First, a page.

The rapid progress of artificial intelligence (AI) has opened up a new realm of possibilities. At the same time, it’s also unleashing a series of social engineering threats, raising concerns within the cybersecurity community. Forbes discussed how this is becoming a problem and the best way to combat it in a recent article.
Social engineering is the art of manipulating, influencing, or deceiving users to gain control over computer systems. This form of cyberattack has witnessed a new wave of innovation with the integration of AI technology. Threat actors, phishers, and social engineers are quick to embrace new tactics that provide them with a competitive edge. As such, they are leveraging AI for advanced social engineering attacks in various ways, the article explains.
One of the ways AI is helping threat actors is by helping them improve phishing attacks. In the past, phishing emails and texts were rife with grammatical errors and spelling mistakes. That made them fairly easy to recognise. The article explains how AI-powered tools like ChatGPT can now help attackers draft realistic-looking emails that are difficult to distinguish from messages written by humans. These tools use advanced technology to correct grammar and spelling errors, resulting in highly sophisticated emails.
Scammers can also use AI to create synthetic videos and fake virtual identities that convincingly mimic real people, such as senior executives or partners. Victims can be manipulated into divulging sensitive information, conducting financial transactions, or spreading misinformation. Similarly, scammers may use AI voice cloning technology to impersonate family members and deceive victims into transferring money, under the pretext of a family emergency.
The article also reveals that researchers have used complex techniques like Indirect Prompt Injection to successfully manipulate AI chatbots into impersonating trusted entities. The chatbots then generate phishing messages to deceive users into revealing sensitive information.
AI-driven autonomous agents, clever scripting, and automation tools enable threat actors to conduct highly targeted social engineering attacks at an industrial scale. These attacks range from target selection to delivering phishing emails with human-like responses in chat boxes or phone calls, reports the article. AI’s ability to learn and evolve allows it to adapt phishing tactics based on feedback, increasing the success rate of attacks.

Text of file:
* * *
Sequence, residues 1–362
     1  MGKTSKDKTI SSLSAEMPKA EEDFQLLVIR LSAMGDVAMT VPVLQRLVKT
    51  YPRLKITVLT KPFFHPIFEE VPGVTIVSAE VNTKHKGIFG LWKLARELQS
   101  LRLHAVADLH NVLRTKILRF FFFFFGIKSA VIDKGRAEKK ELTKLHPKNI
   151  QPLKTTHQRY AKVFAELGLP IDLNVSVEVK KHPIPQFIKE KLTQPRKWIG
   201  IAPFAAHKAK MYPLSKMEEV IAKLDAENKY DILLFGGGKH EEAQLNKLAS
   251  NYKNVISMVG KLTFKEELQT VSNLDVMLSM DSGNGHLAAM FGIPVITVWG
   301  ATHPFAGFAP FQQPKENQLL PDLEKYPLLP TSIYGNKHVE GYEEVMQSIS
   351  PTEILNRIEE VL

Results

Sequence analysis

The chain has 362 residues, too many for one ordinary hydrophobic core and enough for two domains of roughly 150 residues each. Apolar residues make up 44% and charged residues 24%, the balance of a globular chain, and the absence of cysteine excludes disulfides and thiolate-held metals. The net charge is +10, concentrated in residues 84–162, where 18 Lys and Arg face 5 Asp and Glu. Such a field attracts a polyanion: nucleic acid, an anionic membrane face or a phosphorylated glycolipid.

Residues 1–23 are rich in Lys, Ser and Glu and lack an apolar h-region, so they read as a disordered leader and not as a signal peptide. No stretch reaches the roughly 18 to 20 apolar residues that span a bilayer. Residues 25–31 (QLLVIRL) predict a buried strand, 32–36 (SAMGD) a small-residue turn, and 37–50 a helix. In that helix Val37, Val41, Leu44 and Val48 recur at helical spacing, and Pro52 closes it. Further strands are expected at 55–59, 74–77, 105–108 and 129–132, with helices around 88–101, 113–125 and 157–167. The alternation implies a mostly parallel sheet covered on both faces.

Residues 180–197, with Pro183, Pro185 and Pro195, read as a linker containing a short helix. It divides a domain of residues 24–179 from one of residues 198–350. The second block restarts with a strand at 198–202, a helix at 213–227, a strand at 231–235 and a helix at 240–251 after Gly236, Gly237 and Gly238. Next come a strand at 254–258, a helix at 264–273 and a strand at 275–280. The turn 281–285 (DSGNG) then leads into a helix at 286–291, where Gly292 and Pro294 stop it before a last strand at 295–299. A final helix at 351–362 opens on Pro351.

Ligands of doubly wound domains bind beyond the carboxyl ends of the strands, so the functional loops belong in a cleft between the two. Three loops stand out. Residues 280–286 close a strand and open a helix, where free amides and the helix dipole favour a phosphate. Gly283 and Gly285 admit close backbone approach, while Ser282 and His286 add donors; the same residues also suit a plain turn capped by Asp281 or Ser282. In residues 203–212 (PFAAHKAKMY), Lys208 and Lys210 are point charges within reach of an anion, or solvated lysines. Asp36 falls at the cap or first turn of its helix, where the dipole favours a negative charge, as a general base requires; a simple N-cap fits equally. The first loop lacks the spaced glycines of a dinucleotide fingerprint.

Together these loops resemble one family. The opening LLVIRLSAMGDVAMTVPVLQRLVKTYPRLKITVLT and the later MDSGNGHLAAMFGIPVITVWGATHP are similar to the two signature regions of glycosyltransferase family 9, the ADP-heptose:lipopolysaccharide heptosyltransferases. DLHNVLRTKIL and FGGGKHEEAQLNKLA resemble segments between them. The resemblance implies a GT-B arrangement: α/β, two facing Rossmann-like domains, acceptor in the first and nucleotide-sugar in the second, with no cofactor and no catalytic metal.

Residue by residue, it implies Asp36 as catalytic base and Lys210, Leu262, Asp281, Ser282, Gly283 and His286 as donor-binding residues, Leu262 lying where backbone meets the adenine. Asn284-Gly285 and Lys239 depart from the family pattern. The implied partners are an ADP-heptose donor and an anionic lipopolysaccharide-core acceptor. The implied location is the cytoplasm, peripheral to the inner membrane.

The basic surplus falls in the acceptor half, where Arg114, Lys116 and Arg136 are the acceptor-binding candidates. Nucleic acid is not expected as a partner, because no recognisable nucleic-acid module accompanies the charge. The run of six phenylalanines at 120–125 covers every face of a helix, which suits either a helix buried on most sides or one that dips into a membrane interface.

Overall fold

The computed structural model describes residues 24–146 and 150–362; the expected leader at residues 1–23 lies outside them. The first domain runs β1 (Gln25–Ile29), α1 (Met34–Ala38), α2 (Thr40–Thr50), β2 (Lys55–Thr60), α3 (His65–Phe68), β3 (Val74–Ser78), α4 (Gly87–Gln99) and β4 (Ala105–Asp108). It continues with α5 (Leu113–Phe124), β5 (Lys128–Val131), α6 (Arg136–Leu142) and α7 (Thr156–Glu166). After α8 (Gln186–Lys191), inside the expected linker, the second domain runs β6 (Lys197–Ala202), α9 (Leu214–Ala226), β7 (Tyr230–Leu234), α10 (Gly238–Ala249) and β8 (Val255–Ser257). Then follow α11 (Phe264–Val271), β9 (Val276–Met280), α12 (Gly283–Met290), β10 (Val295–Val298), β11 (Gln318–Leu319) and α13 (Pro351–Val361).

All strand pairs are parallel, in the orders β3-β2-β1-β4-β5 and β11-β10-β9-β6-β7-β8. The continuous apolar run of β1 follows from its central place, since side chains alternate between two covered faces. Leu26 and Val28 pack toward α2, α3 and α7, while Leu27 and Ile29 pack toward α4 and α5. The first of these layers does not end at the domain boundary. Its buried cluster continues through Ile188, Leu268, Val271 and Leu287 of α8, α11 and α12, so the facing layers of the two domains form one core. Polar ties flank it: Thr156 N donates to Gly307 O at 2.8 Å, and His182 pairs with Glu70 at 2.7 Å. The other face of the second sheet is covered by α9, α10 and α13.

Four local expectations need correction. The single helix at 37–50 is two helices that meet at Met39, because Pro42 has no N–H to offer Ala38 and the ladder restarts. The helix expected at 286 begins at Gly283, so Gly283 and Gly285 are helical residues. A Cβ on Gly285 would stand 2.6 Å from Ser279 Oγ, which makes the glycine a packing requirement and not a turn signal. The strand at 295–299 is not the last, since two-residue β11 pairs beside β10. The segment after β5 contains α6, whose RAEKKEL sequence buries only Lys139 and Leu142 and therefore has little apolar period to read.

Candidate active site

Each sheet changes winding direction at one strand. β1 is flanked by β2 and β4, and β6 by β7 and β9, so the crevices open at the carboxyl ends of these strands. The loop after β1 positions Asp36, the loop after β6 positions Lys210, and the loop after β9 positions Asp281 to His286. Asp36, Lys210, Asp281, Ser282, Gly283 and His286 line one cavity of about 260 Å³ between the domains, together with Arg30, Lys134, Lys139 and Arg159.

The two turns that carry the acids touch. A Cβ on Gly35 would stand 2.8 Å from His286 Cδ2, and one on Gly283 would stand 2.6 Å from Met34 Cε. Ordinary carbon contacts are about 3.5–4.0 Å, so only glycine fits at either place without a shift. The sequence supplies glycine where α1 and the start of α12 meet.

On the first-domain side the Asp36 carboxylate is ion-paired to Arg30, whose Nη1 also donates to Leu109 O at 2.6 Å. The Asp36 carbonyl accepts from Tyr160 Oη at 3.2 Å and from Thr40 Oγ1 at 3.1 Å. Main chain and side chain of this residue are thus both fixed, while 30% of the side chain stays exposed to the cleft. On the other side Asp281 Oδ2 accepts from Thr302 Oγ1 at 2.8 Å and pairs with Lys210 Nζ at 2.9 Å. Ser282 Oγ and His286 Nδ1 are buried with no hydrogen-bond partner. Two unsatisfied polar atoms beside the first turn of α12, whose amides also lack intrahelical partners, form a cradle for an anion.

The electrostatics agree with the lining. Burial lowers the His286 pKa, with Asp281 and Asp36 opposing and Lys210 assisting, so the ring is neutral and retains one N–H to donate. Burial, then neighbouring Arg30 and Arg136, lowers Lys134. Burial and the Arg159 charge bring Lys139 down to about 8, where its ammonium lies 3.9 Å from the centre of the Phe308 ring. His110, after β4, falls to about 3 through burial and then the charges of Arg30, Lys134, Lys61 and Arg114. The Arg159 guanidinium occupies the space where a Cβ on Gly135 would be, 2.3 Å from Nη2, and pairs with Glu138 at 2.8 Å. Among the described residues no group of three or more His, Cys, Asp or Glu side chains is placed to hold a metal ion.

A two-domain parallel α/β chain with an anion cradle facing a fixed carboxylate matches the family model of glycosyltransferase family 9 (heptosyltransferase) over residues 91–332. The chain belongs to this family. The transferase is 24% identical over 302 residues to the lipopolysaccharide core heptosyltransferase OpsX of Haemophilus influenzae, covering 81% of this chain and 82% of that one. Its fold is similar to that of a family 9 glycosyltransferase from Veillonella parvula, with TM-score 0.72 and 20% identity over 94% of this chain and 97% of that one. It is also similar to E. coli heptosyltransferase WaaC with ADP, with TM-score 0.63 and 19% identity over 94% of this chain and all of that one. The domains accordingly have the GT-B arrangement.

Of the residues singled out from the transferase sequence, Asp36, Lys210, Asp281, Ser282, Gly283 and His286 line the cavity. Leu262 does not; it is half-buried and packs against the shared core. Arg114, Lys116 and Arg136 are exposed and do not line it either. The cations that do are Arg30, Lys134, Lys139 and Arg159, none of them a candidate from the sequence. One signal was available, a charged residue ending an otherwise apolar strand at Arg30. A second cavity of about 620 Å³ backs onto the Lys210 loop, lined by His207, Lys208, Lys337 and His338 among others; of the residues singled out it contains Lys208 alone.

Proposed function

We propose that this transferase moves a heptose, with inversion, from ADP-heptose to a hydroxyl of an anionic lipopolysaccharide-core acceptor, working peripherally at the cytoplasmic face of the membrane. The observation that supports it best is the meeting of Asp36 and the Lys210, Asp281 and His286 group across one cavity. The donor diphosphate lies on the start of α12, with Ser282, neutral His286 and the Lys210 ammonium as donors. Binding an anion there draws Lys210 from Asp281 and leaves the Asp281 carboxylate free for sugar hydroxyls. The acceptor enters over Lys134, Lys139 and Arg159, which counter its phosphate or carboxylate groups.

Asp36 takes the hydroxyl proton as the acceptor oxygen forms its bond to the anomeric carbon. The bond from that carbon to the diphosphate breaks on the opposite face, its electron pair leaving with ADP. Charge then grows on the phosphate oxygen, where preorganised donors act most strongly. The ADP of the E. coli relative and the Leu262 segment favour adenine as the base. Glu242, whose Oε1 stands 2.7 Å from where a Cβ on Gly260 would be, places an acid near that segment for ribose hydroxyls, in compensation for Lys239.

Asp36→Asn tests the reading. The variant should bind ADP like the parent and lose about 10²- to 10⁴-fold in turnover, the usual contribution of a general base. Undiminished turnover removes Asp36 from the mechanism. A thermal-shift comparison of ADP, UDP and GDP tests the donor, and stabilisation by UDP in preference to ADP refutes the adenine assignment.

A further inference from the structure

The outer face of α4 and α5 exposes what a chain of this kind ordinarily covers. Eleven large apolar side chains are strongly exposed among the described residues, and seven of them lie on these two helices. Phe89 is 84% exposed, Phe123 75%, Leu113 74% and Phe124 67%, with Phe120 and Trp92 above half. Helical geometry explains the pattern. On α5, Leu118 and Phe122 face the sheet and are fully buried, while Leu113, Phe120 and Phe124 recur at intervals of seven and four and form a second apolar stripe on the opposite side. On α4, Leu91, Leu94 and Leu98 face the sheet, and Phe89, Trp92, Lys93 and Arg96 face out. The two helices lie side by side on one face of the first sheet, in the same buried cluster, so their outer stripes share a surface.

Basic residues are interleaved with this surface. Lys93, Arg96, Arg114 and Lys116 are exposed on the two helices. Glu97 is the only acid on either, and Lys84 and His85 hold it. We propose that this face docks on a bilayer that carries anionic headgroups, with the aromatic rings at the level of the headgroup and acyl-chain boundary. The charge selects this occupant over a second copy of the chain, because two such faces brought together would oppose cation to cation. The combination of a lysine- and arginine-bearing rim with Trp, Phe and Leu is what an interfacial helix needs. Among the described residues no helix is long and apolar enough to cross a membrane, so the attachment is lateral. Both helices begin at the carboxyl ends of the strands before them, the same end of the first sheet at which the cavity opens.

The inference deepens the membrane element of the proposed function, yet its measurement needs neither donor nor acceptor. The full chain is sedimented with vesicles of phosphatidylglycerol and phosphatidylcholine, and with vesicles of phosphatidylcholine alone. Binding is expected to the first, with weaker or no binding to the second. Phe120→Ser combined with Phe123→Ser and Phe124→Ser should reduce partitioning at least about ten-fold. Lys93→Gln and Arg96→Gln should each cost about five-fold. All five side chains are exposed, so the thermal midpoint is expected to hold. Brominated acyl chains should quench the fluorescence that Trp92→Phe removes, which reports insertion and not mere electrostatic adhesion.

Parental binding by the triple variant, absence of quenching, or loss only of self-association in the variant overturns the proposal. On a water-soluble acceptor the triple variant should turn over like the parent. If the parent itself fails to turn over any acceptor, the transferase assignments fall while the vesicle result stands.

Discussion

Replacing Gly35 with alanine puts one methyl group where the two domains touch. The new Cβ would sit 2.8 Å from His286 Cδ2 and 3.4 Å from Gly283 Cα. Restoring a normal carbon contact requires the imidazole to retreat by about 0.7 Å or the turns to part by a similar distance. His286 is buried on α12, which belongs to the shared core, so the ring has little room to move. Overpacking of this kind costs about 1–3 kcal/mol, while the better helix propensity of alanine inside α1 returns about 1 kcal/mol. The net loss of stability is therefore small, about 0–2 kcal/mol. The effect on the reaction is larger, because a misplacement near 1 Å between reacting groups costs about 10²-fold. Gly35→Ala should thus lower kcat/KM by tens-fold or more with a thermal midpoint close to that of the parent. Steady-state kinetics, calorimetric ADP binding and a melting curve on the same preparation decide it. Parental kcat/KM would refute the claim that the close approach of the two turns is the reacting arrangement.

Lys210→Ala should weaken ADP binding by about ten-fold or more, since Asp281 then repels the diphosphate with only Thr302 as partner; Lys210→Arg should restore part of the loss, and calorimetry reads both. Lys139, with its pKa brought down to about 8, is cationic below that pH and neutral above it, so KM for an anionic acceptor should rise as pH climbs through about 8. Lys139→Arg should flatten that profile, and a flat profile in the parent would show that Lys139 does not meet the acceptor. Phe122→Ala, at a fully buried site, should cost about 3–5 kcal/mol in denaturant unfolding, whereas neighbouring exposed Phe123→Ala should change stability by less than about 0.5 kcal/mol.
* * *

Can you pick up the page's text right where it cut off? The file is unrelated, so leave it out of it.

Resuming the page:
Having stated how AI is being used by threat actors for social engineering attacks, the article then explains how to safeguard against them. It claims that AI-based cyberattacks are expected to grow significantly in the coming years. As a result, businesses need to adopt certain best practices to mitigate the risks posed by AI-enhanced social engineering attacks.
According to the article, training users to detect social engineering attempts is of prime importance. The human element plays a critical role in social engineering attacks. Regular training, phishing tests, and simulation exercises empower users to identify, block, and report suspicious actions promptly. The article cites studies that show that organisations that invest in security training observe a significant drop in their average phish-prone percentage.
Whilst hackers are using AI to design better social engineering attacks, businesses could use the technology to deploy security controls. The article urges companies to implement security tools equipped with AI technology to analyse, detect, and respond to advanced forms of social engineering. AI can inspect the content, context, and metadata of messages and URLs, detecting tell-tale signs of phishing attempts. Additionally, AI can aid in incident response by swiftly isolating infected devices, notifying administrators, and collecting evidence for investigation.
Additionally, the article emphasises the importance of implementing more robust authentication techniques. Multi-factor authentication (MFA) is a powerful security measure to prevent unauthorised access even if credentials are compromised. However, investing in phishing-resistant MFA solutions is essential to thwart both AI and human adversary attempts to manipulate victims’ MFA.
As AI technology advances at an unprecedented pace, hackers are increasingly developing custom AI applications to elevate social engineering tactics to a new level. Organisations must remain vigilant and adopt a defence-in-depth approach, combining AI-based security tools, training, and robust procedures to combat AI-driven social engineering threats effectively.
For example, proactive cybersecurity initiatives like social engineering penetration testing services through managed security service providers such as DigitalXRAID could help businesses identify weak points in their defence. They may also want to keep up with cybersecurity trends that evolve with the attack vectors. By prioritising cybersecurity measures and adapting to the evolving threat landscape, businesses can safeguard their operations and data from the impact of AI-based social engineering on an amplified scale.
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